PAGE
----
The High Court or for that reason the State Govern-ment did not have the power, jurisdiction or authority to entertain the representation made by Respondent 1 af-ter more than twelve years of his entering into service. Therefore, neither of them committed any illegality by re-fusing to accept the prayer made by Respondent 1 on the basis of change effected by the University in the date of birth recorded in his matriculation certificate. Un-fortunately, the trial court, the lower appellate court and the learned Single Judge of the High Court totally misdi-rected themselves in appreciating the true scope of the embargo contained in the relevant rule against the en-tertaining of an application for correction of the date of birth after two years of the government servant's entry into service and all of them committed grave error by nullifying the decision taken by the State Government in consultation with the High Court not to accept the repre-sentation made by Respondent 1 for change of the date of birth recorded in his service book.
This Court has time and again cautioned the civil courts and the High Courts against entertaining and ac-cepting the claim made by the employees long after en-tering into service for correction of the recorded date of birth. In Union of India v. Harnam Singh this Court con-sidered the question whether the employer was justified in declining the respondent's request for correction of the date of birth made after thirty-five years of his induction into the service and whether the Central Administrative Tribunal was justified in allowing the original applica tion filed by him. While reversing the order of the Tri-bunal, this Court observed: (SCC pp. 167-68, para 7) 7. A government servant, after entry into service, acquires the right to continue in service till the age of retirement, as fixed by the State in exercise of its powers regulating conditions of service, unless the services are dispensed with on other grounds contained in the relevant service rules after following the procedure prescribed therein.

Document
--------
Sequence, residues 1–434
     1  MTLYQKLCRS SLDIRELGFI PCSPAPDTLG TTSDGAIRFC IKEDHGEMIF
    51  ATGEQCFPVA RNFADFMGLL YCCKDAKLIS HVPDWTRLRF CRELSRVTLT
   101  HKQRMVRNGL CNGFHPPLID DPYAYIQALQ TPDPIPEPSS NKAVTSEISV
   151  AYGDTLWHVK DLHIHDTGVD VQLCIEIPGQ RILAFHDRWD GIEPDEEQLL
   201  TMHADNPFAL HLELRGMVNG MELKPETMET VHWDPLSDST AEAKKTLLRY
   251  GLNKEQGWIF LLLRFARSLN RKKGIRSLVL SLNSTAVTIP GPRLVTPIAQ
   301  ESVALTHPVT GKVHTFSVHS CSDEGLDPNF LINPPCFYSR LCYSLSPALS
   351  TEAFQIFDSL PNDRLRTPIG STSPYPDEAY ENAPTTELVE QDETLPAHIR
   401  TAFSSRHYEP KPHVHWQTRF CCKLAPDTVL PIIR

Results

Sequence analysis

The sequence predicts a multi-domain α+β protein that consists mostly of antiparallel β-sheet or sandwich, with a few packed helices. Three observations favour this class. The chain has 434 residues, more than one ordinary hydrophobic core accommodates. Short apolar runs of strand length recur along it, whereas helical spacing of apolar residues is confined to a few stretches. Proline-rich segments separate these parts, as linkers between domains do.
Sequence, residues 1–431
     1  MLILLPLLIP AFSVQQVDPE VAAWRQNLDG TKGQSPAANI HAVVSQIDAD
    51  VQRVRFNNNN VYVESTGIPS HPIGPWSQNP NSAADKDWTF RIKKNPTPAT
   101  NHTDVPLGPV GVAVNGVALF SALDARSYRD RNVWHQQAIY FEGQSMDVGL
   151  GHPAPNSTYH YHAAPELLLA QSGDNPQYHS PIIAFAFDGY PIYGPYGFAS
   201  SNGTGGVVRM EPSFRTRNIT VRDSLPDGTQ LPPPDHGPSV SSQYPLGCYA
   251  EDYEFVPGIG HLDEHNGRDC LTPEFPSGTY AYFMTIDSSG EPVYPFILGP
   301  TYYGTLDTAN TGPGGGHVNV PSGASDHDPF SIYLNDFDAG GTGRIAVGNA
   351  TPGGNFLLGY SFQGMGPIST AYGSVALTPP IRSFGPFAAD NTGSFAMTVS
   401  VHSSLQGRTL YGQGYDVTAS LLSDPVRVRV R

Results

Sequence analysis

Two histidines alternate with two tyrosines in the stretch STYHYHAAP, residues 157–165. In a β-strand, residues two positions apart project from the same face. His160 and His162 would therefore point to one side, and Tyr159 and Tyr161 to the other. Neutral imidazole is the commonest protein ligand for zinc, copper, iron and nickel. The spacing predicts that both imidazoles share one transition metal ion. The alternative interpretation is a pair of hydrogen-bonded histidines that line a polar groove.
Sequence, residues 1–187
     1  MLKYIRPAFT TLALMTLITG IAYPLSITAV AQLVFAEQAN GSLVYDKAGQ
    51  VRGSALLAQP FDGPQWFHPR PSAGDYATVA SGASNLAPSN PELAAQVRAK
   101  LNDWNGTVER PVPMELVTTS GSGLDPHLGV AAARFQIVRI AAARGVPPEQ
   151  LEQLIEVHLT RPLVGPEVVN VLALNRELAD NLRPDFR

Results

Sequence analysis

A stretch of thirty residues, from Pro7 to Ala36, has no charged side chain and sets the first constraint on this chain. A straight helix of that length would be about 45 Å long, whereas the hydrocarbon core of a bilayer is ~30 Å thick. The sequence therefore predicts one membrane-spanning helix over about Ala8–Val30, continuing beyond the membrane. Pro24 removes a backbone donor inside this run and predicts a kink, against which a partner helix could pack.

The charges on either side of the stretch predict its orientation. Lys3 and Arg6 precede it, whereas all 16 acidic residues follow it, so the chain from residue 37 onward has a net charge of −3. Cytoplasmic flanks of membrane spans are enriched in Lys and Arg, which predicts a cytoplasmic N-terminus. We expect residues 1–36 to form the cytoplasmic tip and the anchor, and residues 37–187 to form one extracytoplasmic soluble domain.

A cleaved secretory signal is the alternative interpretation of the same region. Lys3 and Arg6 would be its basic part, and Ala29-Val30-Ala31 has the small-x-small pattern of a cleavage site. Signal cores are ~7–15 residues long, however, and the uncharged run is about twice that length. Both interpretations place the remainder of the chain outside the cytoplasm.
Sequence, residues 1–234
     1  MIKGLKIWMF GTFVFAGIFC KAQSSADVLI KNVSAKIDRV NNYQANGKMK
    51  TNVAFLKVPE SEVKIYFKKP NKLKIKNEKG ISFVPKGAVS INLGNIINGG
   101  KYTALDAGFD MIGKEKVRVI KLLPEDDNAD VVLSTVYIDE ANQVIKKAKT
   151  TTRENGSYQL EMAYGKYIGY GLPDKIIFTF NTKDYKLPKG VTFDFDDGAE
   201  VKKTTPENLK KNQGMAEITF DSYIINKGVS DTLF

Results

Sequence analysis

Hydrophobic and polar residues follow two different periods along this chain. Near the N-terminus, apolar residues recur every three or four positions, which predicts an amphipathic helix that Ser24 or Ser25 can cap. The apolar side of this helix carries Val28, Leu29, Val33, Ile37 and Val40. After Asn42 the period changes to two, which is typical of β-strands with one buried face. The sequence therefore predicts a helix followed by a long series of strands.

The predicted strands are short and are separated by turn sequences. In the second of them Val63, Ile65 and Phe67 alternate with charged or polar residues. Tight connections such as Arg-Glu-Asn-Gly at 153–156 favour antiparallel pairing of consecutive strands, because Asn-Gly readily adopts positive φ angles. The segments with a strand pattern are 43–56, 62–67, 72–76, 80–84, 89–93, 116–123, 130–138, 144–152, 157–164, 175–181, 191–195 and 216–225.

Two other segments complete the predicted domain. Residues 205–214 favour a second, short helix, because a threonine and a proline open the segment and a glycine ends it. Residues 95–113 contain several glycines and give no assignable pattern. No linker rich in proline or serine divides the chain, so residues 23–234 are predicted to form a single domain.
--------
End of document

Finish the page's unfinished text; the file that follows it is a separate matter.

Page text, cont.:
The date of birth entered in the service records of a civil servant is, thus of utmost importance for the reason that the right to continue in service stands decided by its entry in the service record. A government servant who has declared his age at the initial stage of the employment is, of course, not precluded from making a request later on for correcting his age. It is open to a civil servant to claim correction of his date of birth, if he is in possession of irrefutable proof relating to his date of birth as different from the one earlier recorded and even if there is no period of limitation prescribed for seeking correction of date of birth, the government servant must do so without any unreasonable delay.